This tutorial illustrates how you can use Macromedia FreeHand MX to create preliminary
sketches of your site’s navigation scheme. The site navigation scheme is a map that shows how
your web pages relate to one another. Specifically, it shows how users will travel through your site
as they click links and interact with application interfaces. A site’s navigation scheme is normally
reflected in the navigation bars that are used on web pages.
Before proceeding with the tutorial, you might want to read more about preliminary site planning
in Chapter 7, “Web Development Workflow.” For more information, see “Planning your website”
on page 86.
This tutorial contains the following sections:
“Plan the site navigation” on page 109
“Customize FreeHand for multimedia/web output” on page 110
“Create rectangles for the navigation scheme” on page 112
“Change rectangle text” on page 116
“Add connector lines to the document” on page 118
“Export the plan as a SWF file” on page 121

Plan the site navigation


After you determine your site’s goals, target audience, and data requirements, you are ready to
begin conceptualizing the site’s navigation scheme. In this tutorial, you’ll sketch the site
navigation scheme for Trio Motors, a fictional company that sells energy-efficient automobiles.
Trio Motors has requested an easy-to-use navigation scheme that would allow their users to visit
the company’s showroom, see previews of upcoming releases, view a page for Trio automobile
owners, and find information about news, events, and financial services. Trio Motors would also
like the site to focus on a featured technology, and to provide a search application that lets users
search for a Trio Motors dealer in their area of the country.

109
As the web developer for the Trio Motors website, you decide on a simple navigation scheme that
will consist of five links, all centralized on a home page. At the top of the home page, you’ll create
a Macromedia Fireworks MX 2004 navigation bar that links to separate pages called Showroom,
News and Events, Owners, Financial Services, and Previews. Elsewhere on the page, you’ll create
a link to a special page that provides current information about a featured technology. You’ll also
create a link to a results page that displays the results of the search application.

Customize FreeHand for multimedia/web output


FreeHand MX is a print-friendly and web-friendly, vector-based drawing application. Before you
begin sketching your site navigation, you’ll customize FreeHand for multimedia/web output.
You’ll also use RGB or Web Safe Colors throughout the tutorial by selecting colors from the Fill
and Stroke Color pop-up menus. Web-safe color selection pop-up menus in FreeHand MX are
identical to those in the other Macromedia Studio MX 2004 tools.
1 In FreeHand, create a new file by selecting File > New.
2 At the bottom of the Document window, select Pixels from the Units pop-up menu.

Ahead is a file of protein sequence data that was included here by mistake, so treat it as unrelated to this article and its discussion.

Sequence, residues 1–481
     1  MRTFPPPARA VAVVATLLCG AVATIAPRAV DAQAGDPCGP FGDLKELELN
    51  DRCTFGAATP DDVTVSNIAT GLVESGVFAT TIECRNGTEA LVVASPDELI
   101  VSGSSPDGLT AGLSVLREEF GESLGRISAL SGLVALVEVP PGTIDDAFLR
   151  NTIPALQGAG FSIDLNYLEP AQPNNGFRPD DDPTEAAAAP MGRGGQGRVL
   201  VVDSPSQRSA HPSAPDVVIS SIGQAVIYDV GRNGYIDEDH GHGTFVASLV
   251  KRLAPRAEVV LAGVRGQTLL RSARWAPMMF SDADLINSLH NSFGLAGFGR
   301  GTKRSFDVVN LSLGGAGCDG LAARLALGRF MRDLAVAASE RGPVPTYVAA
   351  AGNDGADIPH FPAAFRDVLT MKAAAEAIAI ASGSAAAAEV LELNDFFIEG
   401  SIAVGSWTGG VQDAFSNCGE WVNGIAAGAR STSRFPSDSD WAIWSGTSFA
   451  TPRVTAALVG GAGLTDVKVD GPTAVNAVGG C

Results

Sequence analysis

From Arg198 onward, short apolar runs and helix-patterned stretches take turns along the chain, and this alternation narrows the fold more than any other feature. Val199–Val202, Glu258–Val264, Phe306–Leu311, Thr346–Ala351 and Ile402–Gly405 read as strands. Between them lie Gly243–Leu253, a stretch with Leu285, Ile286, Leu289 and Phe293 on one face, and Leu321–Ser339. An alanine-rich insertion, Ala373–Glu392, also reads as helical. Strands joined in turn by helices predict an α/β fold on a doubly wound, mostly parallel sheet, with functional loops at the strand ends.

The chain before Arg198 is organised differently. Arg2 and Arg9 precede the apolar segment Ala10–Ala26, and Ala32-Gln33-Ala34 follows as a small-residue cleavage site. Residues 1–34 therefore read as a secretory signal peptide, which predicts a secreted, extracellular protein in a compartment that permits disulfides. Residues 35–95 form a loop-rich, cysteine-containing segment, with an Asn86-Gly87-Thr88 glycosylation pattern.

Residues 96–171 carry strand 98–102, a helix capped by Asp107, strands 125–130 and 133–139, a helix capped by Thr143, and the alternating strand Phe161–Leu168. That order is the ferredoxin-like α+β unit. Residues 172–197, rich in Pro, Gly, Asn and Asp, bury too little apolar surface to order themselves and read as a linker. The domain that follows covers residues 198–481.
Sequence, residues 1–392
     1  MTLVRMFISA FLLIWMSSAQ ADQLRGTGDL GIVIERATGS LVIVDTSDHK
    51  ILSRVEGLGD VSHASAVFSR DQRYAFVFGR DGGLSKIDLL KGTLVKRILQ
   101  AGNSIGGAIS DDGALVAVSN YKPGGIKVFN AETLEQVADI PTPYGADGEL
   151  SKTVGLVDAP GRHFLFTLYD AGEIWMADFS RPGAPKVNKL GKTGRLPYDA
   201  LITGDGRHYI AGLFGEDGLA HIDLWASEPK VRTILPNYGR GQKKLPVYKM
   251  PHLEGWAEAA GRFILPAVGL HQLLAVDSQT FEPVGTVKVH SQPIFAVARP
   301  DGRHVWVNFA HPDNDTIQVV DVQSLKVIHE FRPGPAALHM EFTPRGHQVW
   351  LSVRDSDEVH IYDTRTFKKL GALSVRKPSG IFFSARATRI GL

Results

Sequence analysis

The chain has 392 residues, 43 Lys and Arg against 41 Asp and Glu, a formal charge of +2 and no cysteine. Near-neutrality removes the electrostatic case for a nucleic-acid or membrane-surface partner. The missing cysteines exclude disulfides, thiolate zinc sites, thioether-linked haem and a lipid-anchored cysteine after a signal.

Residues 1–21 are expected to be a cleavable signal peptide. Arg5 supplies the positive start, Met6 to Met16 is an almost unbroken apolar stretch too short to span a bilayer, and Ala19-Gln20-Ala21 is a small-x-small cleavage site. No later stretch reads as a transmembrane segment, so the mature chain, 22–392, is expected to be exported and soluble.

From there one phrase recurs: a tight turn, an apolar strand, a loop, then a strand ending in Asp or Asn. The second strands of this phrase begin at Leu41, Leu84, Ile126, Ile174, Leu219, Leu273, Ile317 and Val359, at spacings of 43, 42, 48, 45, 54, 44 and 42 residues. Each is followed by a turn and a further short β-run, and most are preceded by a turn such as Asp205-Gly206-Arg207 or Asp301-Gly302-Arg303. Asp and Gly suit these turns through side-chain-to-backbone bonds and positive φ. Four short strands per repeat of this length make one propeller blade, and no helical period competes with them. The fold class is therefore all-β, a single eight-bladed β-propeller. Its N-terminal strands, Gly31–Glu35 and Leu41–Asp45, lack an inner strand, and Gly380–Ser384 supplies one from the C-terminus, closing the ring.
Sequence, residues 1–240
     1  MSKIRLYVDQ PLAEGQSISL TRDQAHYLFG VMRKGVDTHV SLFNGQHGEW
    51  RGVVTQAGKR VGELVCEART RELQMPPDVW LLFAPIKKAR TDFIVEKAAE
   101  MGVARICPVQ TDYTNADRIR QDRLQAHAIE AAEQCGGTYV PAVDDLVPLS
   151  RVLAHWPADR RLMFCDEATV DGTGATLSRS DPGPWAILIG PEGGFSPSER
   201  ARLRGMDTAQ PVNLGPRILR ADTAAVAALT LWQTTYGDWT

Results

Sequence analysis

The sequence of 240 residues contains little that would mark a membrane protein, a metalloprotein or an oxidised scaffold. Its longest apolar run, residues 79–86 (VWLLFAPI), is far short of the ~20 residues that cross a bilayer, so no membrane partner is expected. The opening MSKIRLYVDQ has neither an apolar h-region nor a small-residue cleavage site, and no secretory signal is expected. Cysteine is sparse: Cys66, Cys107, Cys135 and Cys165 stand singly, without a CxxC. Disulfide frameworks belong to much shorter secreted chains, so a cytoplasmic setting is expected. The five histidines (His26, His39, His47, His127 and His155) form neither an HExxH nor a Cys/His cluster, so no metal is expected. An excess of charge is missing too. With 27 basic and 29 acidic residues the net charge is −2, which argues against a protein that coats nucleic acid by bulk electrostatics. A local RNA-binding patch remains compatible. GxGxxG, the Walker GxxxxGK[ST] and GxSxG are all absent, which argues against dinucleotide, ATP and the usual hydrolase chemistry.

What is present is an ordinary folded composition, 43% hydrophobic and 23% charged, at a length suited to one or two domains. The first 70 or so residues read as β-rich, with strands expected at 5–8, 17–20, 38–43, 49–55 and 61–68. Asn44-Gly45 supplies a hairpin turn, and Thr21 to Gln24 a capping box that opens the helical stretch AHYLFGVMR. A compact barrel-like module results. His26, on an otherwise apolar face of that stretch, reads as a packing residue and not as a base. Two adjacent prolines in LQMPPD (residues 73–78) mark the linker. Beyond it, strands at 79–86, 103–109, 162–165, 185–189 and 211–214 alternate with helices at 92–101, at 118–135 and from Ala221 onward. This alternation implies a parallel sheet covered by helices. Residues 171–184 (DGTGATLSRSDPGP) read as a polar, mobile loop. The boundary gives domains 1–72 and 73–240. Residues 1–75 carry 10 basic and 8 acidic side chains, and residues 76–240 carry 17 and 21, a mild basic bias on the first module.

Note: The default unit of measurement for a new document is Points.

3 In the Property inspector (Window > Document), click the Document tab.
4 Select Web from the Page Size pop-up menu.

This creates a page with a predefined size of 550 pixels by 400 pixels. You can also select
Custom from the Page Size pop-up menu, and enter pixel dimensions of your own.
5 Select Edit > Preferences.
The Preferences dialog box appears.

110 Tutorial 1: Sketching a Site Navigation Scheme in FreeHand


6 Click the Colors tab and select None from the Color Management pop-up menu.

Turning off Color Management allows you to view colors in a generic RGB environment.
7 Click OK.
8 (Optional) Select Fit Page from the Magnification pop-up menu in the lower left corner of the
Document window.
This option sets the magnification level so that the active page fits inside the Document
window. You can also set magnification levels manually. The magnification with which you
choose to work depends on your monitor size and your own preferences.
9 Save the new document (File > Save) as trio_navigation.FH11.
Optionally, you can save the new file in the main directory of the Dreamweaver site you
created in Chapter 6, “Setup for Sample ColdFusion Site.” It is good practice to keep all site-
related files in the same location.

Customize FreeHand for multimedia/web output 111


Create rectangles for the navigation scheme
After you customize your document for the web, you are ready to sketch the site navigation
scheme in FreeHand.
1 Make sure that the file you just created, trio_navigation.FH11, is open in the
Document window.
2 In the Tools panel, click the Rectangle tool and drag a rectangle on the page.

Rectangle tool

When you release the mouse button, the new rectangle is selected. Leave the rectangle selected
so that you can alter its properties.
Note: This tutorial uses the example of a rectangle that is 135 pixels wide by 52 pixels high. You
can view and set the exact dimensions of a rectangle on the Object tab of the Property inspector
(Window > Object).

112 Tutorial 1: Sketching a Site Navigation Scheme in FreeHand


3 In the Tools panel, click the Fill color box and use the pop-up color palette to select a color for